In a building construction, the units 1 may be assembled in edge-to-edge relation, as previously described, to form a wall, floor, ceiling or roof. When building a wall, particularly an outer wall, the units may be assembled at a corner in any desired manner. Preferably, however, the units are joined at a corner by a corner element 45, as best shown in Fig. 12. This corner element 45 comprises an angular member having a stepped face 46 on each branch 47 thereof to correspond to the edge of the unit 1.

The branches 47 of the angle member 45 are provided with keyholes corresponding to those in the edge rails and the faces 48 of the branches 47 opposite the stepped faces are recessed around the keyholes to accommodate the bolt heads or nuts as the case may be. The corner element 45 may be assembled with the units in substanvxtially the same manner as the method of assembling theunits. The corner structure may be weather-sealed by corner laps 50 in the conventional manner to cover the exposed bolt and nut recesses. The joints, particularly of an outer wall, may also be weather-sealed or decoratively covered by strips 51, or the outer wall may be covered by a brick or other veneer and the inner wall plastered or the like.

The wall units may be anchored to a floor or foundation and to a ceiling or roof by enclosed connections. A suitable connection between the wall units and floor units is shown in Fig. 13 as comprising angle brackets 55. The base branches of the brackets are secured on the floor by screws or the like in predetermined positions to accommodate abutting edge rails 2 between the upstanding branches 57 of the brackets. The upstanding branches are provided with keyholes which coincide with keyholes 12 adjacent the ends of the edge rails. Thus, the edge rails can be clamped together with the brackets 55 in the usual manner and by a single bolt.

Although standard units may be used as floor units, in Figures 13 and 14 an assembly of floor units 1 of special construction is shown mounted on a foundation F. This floor unit is quite similar to the standard unit in so far as the edge rails 2 and the upper and lower panels 3 and 4 are concerned. One difference in the floor resides in the fact that the lower panel 4 is placed so that its side edges are flush with the side edges of the edge rails. This is to permit the use of stiffener plates 60 between units. Plates 60 are wider than the thickness of a unit and extend below the unit a substantial distance. The upper portion of the plate is bent into an angular step 61 to conform to the stepped joint between units. These plates increase the load-bearing capacity of the assembled units by imparting a truss action between spans. The stitfener plates may be provided with openings 62, so that these plates may serve as hangers for conduits or the like.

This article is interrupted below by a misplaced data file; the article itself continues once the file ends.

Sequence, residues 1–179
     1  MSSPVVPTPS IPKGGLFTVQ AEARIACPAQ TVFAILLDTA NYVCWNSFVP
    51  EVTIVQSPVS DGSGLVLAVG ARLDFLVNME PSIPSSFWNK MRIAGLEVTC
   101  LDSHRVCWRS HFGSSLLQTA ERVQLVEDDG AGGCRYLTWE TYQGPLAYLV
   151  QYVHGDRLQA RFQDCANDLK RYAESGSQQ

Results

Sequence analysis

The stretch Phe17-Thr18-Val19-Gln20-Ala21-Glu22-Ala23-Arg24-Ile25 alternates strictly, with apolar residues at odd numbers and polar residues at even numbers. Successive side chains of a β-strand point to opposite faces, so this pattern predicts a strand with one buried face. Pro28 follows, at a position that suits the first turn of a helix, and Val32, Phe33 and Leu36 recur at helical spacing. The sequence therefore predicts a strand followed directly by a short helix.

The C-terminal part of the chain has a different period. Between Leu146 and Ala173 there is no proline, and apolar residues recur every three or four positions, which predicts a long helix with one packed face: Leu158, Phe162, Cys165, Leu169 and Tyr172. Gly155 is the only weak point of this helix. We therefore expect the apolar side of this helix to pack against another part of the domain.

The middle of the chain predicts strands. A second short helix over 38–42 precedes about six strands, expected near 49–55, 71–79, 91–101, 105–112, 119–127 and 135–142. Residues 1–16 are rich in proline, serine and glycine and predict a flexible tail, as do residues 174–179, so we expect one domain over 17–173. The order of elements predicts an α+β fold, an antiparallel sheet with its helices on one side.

The floor unit may be provided with a partition 64 fitted into grooves 65 in the inner faces of the edge rails. The partition is located in the lower part of the unit, and the compartment or cell formed between the partition and the lower panel 4' may be filled with insulation 71.

Extending between the edge rails at spaced intervals in the upper part of the unit are cross bridges 66 which extend from the partition 64 to the underside of the upper panel 3. These bridges serve to strengthen the floor and supply added rigidity to the units. Openings 67 may be provided in the cross bridges 66 to permit the passage of water or electrical conduits.